Thursday, March 7, 2013

Anti vaccination group flies Irish politicians to US on anti abortion fact finding mission

I haven't spoken of the registered charity Family and Life before. They have an interesting past, the National Catholic Register describing them as splitting from US based Human Life International while reasoning that "its work in Ireland was being interfered with by Americans". This led to some surprise when I read in the Sunday Times of their plans to fly several Fine Gael senators, including Fidelma Healy Eames and Paul Bradford, on a 'search for truth' about abortion.

The shock was precipitated by their choice of location - they're off to the United States. For an organisation born from opposition to American intervention in Irish affairs this seems an odd choice.

With this thought in mind I reviewed a previous post touching on their most recent ancestor. Their split from Human Life International did not seem to include condemnation of their opposition to vaccines and I wondered if this was an area of disagreement.

It is not.

Take their Ethical Vaccine for Children Project:
The “Ethical Vaccine for Children Project” is aimed at applying pressure on the Irish health authorities and pharmaceutical companies to oppose the use of vaccines based on cell lines derived from aborted babies' tissue. In Ireland the MMR (Measeles, Mumps & Rubella) vaccine is produced using cell lines that originated in the abortion of unborn babies, despite the fact that ethical safe alternatives exist.
and continues with the comment:
I just read your leaflet on ethical vaccines.  It is very well produced, very informative and also very disturbing.  I can't believe that people would kill unborn babies in the search for a more profitable way of producing vaccines.  It's shocking and I will contact the drug companies to register my abhorrence at their actions.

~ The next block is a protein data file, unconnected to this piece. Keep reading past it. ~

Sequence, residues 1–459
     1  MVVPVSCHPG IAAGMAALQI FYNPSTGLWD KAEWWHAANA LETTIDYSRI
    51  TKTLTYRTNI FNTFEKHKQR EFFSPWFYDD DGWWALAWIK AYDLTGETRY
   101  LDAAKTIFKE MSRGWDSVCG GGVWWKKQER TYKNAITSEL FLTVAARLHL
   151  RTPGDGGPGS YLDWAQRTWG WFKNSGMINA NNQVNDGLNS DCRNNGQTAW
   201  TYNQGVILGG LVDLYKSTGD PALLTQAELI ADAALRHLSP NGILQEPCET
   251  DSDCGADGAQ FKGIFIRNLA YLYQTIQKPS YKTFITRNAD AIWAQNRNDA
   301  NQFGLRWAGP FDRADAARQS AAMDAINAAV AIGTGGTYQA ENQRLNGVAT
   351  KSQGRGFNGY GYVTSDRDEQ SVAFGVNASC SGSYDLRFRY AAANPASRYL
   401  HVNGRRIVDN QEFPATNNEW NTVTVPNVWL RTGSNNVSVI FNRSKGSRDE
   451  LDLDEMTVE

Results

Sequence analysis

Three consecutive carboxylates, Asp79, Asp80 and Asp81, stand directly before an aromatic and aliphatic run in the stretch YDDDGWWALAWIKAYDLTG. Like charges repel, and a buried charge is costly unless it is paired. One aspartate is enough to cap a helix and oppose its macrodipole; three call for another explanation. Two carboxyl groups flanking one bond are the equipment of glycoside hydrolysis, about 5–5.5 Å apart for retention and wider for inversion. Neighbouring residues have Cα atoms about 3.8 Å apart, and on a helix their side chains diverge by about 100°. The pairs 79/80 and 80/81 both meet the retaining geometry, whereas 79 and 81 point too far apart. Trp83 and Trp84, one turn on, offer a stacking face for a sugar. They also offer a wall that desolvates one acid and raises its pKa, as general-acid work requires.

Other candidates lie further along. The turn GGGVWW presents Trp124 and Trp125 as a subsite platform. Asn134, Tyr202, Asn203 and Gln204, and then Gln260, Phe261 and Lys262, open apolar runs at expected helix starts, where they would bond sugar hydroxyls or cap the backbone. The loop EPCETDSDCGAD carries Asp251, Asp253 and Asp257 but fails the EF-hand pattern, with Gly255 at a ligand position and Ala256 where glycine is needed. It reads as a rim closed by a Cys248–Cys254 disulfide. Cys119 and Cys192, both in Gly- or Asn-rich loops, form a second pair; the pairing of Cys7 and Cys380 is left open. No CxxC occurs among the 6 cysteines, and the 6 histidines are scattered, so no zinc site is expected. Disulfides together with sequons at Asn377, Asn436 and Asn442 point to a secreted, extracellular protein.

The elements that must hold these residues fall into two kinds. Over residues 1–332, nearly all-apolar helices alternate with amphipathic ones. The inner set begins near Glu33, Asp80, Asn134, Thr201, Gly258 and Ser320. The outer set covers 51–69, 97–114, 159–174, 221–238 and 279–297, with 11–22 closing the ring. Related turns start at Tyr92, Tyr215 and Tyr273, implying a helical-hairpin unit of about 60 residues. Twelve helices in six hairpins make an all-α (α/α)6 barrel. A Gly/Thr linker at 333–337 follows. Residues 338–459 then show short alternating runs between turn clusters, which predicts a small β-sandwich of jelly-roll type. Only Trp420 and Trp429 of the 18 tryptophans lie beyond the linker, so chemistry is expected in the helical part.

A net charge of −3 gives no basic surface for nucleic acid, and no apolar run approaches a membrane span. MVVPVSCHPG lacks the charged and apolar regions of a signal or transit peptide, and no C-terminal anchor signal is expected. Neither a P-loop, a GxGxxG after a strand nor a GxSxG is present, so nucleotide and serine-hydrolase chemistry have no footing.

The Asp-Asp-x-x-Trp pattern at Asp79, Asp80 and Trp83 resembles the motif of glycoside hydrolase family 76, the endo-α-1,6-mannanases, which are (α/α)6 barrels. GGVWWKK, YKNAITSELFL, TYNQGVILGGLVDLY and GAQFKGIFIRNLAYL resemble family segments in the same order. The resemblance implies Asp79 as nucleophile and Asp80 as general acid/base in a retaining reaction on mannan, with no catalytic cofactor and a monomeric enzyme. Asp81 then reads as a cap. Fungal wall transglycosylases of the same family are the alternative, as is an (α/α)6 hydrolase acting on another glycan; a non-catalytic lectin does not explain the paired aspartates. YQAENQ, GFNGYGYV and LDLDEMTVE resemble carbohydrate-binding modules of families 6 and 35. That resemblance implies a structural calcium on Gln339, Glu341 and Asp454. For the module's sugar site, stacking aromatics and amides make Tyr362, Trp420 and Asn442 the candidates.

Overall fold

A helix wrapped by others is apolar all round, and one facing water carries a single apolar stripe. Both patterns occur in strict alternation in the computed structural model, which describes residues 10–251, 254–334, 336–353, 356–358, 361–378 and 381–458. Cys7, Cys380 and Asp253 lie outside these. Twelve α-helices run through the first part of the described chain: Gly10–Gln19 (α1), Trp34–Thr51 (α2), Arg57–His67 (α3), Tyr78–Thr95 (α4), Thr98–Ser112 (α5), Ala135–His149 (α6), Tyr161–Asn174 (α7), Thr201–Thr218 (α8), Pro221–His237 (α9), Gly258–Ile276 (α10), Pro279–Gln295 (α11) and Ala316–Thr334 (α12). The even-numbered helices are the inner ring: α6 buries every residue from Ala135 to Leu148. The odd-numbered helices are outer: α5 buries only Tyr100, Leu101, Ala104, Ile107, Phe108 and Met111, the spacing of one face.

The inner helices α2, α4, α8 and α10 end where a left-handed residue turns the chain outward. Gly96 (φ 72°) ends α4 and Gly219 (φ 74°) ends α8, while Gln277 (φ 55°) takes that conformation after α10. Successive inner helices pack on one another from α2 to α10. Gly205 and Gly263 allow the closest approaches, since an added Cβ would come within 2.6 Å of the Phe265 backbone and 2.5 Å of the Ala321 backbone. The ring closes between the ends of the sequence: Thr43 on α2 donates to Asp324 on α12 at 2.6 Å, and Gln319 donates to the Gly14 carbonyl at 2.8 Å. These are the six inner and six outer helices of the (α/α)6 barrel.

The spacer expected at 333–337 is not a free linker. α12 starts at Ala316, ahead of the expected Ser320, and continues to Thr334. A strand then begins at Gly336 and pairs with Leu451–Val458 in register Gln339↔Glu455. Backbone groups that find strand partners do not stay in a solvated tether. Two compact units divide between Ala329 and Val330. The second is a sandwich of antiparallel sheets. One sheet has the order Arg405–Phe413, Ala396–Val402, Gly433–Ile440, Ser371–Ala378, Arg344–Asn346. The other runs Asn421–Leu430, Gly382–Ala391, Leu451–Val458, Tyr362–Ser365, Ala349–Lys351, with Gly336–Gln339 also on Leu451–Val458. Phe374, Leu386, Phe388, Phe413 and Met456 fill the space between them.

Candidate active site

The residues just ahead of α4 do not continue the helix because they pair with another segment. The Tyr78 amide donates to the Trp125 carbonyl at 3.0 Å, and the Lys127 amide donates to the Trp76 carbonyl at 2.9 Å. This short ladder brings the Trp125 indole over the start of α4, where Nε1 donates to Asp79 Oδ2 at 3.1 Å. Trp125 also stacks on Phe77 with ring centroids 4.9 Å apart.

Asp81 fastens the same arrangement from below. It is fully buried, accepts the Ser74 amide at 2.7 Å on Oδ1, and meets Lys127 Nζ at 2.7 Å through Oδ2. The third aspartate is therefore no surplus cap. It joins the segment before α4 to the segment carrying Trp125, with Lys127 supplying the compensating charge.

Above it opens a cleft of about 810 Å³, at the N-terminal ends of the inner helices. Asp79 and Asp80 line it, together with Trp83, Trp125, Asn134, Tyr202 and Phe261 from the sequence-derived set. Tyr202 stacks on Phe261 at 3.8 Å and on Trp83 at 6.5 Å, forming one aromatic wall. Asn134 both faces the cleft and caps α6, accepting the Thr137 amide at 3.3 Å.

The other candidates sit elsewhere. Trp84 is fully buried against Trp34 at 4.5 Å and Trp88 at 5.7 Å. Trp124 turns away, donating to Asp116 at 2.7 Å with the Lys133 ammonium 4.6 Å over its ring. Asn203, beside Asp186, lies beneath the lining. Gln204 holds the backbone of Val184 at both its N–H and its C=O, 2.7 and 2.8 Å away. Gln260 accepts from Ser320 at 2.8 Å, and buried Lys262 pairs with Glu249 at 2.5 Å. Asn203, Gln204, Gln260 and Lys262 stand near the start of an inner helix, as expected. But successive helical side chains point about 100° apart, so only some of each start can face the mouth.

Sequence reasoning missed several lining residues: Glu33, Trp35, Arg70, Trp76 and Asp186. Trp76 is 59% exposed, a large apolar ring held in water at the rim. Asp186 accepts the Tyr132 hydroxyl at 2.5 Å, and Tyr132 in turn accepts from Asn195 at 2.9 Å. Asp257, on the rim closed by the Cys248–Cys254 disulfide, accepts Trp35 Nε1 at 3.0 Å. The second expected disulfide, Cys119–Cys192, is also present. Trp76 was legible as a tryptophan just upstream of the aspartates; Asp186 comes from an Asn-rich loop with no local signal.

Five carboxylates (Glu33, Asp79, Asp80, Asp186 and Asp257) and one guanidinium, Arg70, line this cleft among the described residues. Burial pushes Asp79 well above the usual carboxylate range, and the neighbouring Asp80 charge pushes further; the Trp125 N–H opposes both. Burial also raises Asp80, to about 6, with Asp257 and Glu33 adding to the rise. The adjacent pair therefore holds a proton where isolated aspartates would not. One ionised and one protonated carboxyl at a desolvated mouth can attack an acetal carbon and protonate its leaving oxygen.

The text of their leaflet is not provided, and if this is the reaction it inspires I can see a rather plausible reason why they would choose to keep it concealed.
Some background: viruses need to be grown in living cells. Sometimes animal cells are used. Sometimes they're unsuitable. In this scenario human foetal diploid cells are used. There are two strains available, both from a total of two abortions in the 1960's. There's a rather good overview here. A key quote:
Two different strains of human diploid cell cultures made from fetuses have been used extensively for vaccine production for decades. One was developed in the United States in 1961 (called WI-38) and the other in the United Kingdom in 1966 (called MRC-5).
WI-38 came from lung cells from a female fetus of 3-months gestation and MRC-5 was developed from lung cells from a 14-week-old male fetus. Both fetuses were intentionally aborted, but neither was aborted for the purpose of obtaining diploid cells.123. The fetal tissues that eventually became WI-38 and the MRC-5 cell cultures were removed from fetuses that were dead. The cellular biologists who made the cell cultures did not induce the abortions.